Pro Perl Debugging
This book review was published by Slashdot, .
The typical computer program has more bugs than there are ants at a picnic — except ants are usually easier to find. Programs written in Perl are no exception, because the compactness of the language does not make any existent bugs easier to spot; they can simply be packed into fewer lines of code. To help remedy this problem, Richard Foley and Andy Lester, two seasoned Perl programmers, offer a new book, Pro Perl Debugging: From Professional to Expert.
This title was published in hardcover on 14 March 2005 under the ISBN 978-1590594544 by Apress, a relatively new member of the technical publishing world. The publisher has a Web page for the book that includes links to all of the source code in a Zip file, the table of contents in PDF format, and a form for submitting errata. The book comprises 269 pages, the majority of which are organized into 16 chapters: Introduction (not to be confused with the true Introduction immediately preceding it), Inspecting Variables and Getting Help, Controlling Program Execution, Debugging a Simple Command Line Program, Tracing Execution, Debugging Modules, Debugging Object-Oriented Perl, Using the Debugger As a Shell, Debugging a CGI Program, Perl Threads and Forked Processes, Debugging Regular Expressions, Debugger Customization, Optimization and Performance Hints and Tips, Command Line and GUI Debuggers, Comprehensive Command Reference, Book References and URLs.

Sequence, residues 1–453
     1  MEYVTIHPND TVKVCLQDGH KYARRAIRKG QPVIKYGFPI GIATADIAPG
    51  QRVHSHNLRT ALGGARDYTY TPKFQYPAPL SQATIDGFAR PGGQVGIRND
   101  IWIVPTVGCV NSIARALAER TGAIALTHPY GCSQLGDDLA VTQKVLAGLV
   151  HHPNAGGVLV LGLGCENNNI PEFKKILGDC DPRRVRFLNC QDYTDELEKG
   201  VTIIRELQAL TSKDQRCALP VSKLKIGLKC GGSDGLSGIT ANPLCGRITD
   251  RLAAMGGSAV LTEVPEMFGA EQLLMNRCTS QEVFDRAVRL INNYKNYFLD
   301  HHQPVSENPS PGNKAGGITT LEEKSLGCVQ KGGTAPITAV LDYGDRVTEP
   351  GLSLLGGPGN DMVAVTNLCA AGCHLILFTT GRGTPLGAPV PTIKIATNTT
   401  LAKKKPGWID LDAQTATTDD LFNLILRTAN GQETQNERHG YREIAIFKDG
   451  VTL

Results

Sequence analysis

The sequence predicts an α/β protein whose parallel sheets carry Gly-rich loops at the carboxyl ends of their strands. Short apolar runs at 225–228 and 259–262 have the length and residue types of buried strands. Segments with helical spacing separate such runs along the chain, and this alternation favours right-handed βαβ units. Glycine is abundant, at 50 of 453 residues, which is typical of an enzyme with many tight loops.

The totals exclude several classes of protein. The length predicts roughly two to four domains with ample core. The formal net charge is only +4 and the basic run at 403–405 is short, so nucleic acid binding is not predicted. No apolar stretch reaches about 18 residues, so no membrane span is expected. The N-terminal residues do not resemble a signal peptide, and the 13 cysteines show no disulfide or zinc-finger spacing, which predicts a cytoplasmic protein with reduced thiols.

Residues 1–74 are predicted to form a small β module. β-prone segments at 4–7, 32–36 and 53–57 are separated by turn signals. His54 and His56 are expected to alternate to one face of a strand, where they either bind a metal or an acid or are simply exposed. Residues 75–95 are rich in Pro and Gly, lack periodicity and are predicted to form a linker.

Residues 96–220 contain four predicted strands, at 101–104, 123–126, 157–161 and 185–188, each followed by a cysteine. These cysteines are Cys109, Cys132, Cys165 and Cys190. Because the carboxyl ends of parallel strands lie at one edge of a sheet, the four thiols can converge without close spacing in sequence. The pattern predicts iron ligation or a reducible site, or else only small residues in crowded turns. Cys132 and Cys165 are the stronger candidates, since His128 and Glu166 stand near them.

For programmers who wish to learn how to fully utilize Perl's debugger, what options are open to them? A terse summary of the debugger's commands are always close by, within the debugger itself. Those Perl coders who have yet to try the built-in Perl debugger, really owe it to themselves to give it a whirl. In most cases, it is superior to embedding lots of "print" statements in your scripts, and then wading through the results. Simply include perl.exe's -d flag on the system command line, and you should be put right into the debugger, and see the debugger's "DB<1>" command prompt — the "1" meaning that it is ready for your first command. To display the aforementioned command summary, simply enter "h", or "|h" to see the output one screen-ful at a time, which you will probably want to do unless your system window can show all of the dozens of lines at once. The command summary is best used as a quick reference, and naturally cannot be expected to serve as any sort of tutorial. Yet it has its use, and for that, it's fine.
Most Perl books devote at least some space to explaining the basics of firing up and using Perl's debugger. The (in)famous "camel book", Larry Wall's Programming Perl, has a chapter on the debugger. It covers breakpoints, running, stepping, tracing, displaying code, commands, debugger customization, debugger options, unattended execution, creating your own debugger, and performance profiling. Aside from that last topic, the chapter is mostly an expansion of the command summary mentioned earlier. It is sparse on examples, and does not cover any advanced topics, such as using the debugger in the context of forking, threads, and POE, as well as the debugger's special capabilities for regular expressions, CGI programs, and shelling out.